Wal-Mart Stores, Inc. (NYSE:WMT) and Amazon.com, Inc. (NASDAQ:AMZN) are some of the most powerful retailers in the world. Wal-Mart Stores, Inc. (NYSE:WMT) revolutionized retail with advances in supply chain management, while Amazon brought shopping online. Now, Wal-Mart has grown so large that many question if there is any growth left in the company. Amazon.com, Inc. (NASDAQ:AMZN) worries investors with its lack of profits. Both companies target similar price conscious consumers, and the market will work its magic to create a winner.
Amazon.com, Inc. (NASDAQ:AMZN) started off selling books, and then it branched into selling all sorts of products. Now it functions more like a search engine. Some estimate that more than half of Amazon’s sales come from third parties. This serves as both an asset and a risk. Relying on third party sellers means that Amazon needs to carry fewer goods on its balance sheet and it can make money from high margin listing fees. The downside is that if Amazon upsets these third party sellers, they can take their business elsewhere.
Many investors have been weary of Amazon.com, Inc. (NASDAQ:AMZN) due to its lack of profits. The company counters that it is simply reinvesting for the future and it will open up the profit flood gates at some point. There is definitely merit to this argument. If Amazon’s profit margin was around Wal-Mart Stores, Inc. (NYSE:WMT)’s 3.8% instead of -0.1%, then it would be trading at a price to earnings (P/E) ratio around 60. Given Amazon’s high growth this valuation is somewhat reasonable.
The downside to Amazon is that it still looks like a company looking for its commercial purpose. It operates an ecommerce operation, cloud computing service, an online video service, a content delivery network, and a search engine. Operating all of these separate businesses is expensive and has helped to drive down its free cash flow to $0.485 per share over the trailing 12 months. As soon as revenue growth substantially slows down, the stock could crash.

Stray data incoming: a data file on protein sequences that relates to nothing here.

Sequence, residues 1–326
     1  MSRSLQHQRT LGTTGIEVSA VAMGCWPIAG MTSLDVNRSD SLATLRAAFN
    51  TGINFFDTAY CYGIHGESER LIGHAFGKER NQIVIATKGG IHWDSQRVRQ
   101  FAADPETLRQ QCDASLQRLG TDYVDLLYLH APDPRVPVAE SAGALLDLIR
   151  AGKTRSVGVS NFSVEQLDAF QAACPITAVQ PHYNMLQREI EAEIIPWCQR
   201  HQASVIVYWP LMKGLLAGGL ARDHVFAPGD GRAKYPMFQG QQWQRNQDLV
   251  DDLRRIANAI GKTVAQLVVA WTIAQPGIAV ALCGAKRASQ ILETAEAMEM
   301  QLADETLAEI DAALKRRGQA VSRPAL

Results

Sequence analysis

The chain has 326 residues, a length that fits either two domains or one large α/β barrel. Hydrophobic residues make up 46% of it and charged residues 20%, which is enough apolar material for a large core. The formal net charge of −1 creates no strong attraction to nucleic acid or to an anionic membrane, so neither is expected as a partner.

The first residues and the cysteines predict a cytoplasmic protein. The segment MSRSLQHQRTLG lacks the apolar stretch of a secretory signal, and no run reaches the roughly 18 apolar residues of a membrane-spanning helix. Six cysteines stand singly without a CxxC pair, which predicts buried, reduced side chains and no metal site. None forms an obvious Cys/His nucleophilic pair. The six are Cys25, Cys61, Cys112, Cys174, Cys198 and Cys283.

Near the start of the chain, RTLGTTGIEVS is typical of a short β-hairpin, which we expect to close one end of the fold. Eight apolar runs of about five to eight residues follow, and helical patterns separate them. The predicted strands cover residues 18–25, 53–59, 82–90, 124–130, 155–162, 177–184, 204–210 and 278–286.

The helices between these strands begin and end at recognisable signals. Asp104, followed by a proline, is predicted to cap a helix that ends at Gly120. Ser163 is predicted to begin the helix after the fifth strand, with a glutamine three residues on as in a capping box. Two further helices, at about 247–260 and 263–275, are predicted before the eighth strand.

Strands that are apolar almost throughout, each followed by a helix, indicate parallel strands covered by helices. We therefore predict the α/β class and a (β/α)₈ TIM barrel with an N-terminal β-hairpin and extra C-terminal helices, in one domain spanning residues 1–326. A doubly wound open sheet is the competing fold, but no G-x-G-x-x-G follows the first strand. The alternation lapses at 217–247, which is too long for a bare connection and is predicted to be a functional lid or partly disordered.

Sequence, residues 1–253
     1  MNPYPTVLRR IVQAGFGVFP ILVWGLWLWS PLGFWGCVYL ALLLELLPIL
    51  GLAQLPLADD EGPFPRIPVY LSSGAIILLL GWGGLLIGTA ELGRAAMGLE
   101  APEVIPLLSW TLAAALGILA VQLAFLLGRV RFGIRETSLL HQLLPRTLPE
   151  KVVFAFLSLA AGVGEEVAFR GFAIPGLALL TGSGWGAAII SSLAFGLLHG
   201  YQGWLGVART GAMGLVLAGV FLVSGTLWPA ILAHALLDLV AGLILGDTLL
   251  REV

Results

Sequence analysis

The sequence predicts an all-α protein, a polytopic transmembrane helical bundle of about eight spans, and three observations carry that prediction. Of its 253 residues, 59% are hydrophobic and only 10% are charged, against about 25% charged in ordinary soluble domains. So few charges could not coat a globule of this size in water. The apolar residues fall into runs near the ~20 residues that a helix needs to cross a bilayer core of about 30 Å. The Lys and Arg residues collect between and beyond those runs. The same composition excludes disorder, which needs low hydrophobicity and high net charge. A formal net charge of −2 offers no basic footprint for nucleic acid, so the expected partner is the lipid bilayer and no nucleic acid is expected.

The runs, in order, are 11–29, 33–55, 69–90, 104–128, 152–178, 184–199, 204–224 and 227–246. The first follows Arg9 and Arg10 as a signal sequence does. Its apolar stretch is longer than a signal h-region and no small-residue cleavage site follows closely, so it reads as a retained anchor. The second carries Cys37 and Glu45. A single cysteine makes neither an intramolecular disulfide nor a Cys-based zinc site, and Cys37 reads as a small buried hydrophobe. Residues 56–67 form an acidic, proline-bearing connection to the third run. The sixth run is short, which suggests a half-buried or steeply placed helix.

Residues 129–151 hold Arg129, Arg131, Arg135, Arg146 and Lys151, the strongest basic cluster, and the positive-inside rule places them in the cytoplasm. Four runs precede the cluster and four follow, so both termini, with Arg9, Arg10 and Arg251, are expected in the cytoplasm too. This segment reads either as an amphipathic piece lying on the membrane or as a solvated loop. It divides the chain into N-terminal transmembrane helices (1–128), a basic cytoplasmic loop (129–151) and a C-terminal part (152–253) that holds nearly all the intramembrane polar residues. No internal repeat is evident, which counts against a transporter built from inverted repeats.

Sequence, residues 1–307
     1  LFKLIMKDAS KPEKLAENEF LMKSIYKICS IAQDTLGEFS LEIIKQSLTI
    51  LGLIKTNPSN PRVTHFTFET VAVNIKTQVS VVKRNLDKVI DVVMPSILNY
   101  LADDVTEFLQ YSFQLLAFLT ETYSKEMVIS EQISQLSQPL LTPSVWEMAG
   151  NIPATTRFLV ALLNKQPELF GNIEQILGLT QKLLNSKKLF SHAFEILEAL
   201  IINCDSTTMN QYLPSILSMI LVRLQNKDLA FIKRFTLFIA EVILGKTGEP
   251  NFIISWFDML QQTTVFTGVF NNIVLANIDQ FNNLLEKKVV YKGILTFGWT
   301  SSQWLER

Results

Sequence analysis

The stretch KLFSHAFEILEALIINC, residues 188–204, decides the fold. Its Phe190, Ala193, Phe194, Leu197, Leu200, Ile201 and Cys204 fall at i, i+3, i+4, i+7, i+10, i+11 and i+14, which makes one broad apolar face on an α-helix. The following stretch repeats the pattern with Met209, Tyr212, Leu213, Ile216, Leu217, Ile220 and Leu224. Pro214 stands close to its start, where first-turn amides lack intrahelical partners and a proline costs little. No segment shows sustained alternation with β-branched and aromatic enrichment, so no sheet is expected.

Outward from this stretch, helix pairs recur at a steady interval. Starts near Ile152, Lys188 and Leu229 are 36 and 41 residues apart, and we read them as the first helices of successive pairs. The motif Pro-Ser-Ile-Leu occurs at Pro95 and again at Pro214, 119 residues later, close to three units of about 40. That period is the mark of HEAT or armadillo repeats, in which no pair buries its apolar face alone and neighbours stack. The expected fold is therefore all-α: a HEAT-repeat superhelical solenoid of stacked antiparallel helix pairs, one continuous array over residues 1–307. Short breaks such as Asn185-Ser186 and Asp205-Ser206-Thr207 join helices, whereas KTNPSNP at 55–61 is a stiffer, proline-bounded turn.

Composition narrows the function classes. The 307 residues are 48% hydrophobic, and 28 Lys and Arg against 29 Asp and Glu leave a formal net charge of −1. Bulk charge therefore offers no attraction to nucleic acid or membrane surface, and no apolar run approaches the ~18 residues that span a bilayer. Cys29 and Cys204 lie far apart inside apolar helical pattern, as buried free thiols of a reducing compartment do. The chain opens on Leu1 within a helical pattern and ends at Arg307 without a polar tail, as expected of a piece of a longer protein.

Amazon.com, Inc. (NASDAQ:AMZN) is a great stock for traders, but investors with 10 year time frames need a concrete profit plan. It is unclear if Amazon will ever be able to offer profits in addition to growth.
The market loves growth, and Wal-Mart Stores, Inc. (NYSE:WMT) has already expanded overseas. With annual sales over $450 billion, it is a huge portion of the world economy. The urbanization of China will boost the company’s bottom line, but it is also growing elsewhere. The company says that it expects to do $10 billion in online sales in 2014. Wal-Mart Stores, Inc. (NYSE:WMT) has strong potential to grow online as Amazon.com, Inc. (NASDAQ:AMZN) alone has total annual sales around $60 billion.
It is much easier for Wal-Mart to make inroads into the ecommerce market, than it is for Amazon to make inroads into the traditional brick and mortar market. There are only a few potential ways for Wal-Mart Stores, Inc. (NYSE:WMT) to substantially increase its growth, and ecommerce is the one of them. Soon or later, Wal-Mart will start attacking Amazon’s home turf.